Moment of Indiana History

Women in the Indy 500

The spring before he died, Indianapolis Motor Speedway owner Tony Hulman got the Indy 500 started in a new way. “In company with the first lady to qualify at Indianapolis,” Hulman announced, “Gentlemen, Start Your Engines!”

The break with tradition at the opening of the 1977 event reflected the participation of pioneer Janet Guthrie, who had made Indy 500 history with her qualifying lap speed. Technically, Hulman could have gotten away with his usual invocation—since the “gentlemen” starting the engines were the drivers’ mechanics—were it not for Guthrie’s friend Kay Bignotti, a certified mechanic, who made a point of starting Guthrie’s car for the historic event. Guthrie came to the sport after professional stints as a pilot, aerospace engineer and sports car road racer. She raced at Indy three times with her best finish in 1978 in ninth place.

Since Guthrie crashed the Brickyard’s gender line, female drivers have not exactly raced in. Four women have passed the Indy 500 driving test in the meantime, and only three of those have started the race. Lyn St. James holds the record for most laps completed at Indy, having started in seven races from 1992-97 and in 2000. That year, she shared the oval with another woman, Sarah Fisher, who started each subsequent year through 2004. Danica Patrick, who raced in the 2005 and 2006 events, finished fourth overall in 2005, distinguishing herself that year as the first woman to have led the pack at two separate points in the race.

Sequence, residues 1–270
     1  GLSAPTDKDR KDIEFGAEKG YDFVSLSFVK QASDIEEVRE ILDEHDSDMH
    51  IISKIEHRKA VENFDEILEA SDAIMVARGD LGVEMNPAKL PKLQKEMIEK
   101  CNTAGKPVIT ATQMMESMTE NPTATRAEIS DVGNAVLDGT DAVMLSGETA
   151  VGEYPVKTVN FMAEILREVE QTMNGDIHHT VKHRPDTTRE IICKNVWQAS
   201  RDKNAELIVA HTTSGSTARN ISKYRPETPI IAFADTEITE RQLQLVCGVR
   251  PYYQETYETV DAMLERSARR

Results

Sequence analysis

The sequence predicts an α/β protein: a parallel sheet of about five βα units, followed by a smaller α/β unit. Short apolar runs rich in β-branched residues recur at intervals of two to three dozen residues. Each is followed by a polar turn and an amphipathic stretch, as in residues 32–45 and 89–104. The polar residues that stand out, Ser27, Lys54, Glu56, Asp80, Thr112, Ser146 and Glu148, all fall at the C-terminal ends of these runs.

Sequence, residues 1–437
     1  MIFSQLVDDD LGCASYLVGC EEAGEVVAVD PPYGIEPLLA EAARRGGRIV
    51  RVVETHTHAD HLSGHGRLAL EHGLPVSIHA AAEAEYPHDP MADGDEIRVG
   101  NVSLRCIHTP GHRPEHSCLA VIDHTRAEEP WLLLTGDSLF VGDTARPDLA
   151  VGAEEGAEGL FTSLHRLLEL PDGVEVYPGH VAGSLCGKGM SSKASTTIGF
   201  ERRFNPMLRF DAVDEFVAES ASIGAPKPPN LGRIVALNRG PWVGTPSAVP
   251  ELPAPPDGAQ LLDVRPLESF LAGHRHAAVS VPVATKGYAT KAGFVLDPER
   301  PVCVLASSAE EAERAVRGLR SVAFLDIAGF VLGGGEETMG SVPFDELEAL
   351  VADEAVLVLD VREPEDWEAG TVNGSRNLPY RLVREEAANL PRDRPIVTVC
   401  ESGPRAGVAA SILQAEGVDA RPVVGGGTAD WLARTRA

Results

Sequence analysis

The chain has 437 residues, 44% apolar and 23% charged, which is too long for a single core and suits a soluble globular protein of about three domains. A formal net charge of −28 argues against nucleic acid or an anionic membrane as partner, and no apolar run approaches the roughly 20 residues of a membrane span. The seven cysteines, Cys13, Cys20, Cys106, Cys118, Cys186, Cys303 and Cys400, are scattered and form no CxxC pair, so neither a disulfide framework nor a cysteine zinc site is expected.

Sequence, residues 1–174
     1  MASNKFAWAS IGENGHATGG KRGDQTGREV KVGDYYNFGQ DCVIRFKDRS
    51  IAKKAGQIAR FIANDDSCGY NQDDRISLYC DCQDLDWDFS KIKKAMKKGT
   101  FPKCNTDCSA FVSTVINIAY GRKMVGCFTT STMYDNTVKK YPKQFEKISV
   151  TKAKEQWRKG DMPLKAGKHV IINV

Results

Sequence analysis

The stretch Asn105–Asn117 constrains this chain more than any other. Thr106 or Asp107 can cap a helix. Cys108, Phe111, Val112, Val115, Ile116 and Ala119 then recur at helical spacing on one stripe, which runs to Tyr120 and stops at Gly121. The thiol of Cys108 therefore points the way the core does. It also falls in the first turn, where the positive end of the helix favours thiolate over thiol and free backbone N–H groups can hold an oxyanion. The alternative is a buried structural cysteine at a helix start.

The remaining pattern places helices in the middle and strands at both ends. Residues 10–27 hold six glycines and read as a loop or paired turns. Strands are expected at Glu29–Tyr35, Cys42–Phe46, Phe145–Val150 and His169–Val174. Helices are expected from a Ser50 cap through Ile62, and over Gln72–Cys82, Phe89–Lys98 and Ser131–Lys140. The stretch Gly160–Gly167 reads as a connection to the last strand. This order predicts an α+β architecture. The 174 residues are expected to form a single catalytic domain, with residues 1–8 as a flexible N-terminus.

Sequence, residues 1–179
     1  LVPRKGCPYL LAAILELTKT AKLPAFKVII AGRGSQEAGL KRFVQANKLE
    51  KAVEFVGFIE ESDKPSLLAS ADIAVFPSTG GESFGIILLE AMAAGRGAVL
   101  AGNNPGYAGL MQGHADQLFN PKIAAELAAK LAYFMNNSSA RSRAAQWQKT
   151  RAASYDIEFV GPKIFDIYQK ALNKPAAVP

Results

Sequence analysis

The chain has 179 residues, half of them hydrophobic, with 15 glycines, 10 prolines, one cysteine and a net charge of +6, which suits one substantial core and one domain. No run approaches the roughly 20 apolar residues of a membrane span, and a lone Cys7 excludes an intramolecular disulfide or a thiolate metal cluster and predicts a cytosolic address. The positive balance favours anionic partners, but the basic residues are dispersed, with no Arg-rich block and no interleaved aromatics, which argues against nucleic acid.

The rarity of female participation in the Indy 500, and racing in general, has been attributed to the sport’s entrenched sexism. Before 1971, even Tony Hulman’s daughter was barred from checking in on the pit crew servicing the race car she owned. These days Mari Hulman George announces the start of the race.

Although some effort goes into recruiting and developing female drivers, such as a program started by Lyn St. James, many point to the industry’s reluctance to give women the financial backing they need to succeed in the sport. Danica Patrick, by contrast, has enjoyed the top-rung support of the Rahal-Letterman team. Patrick’s acceptance into the inner circles of racing, however, bears consideration in light of the extent to which she been marketed as a sex symbol.

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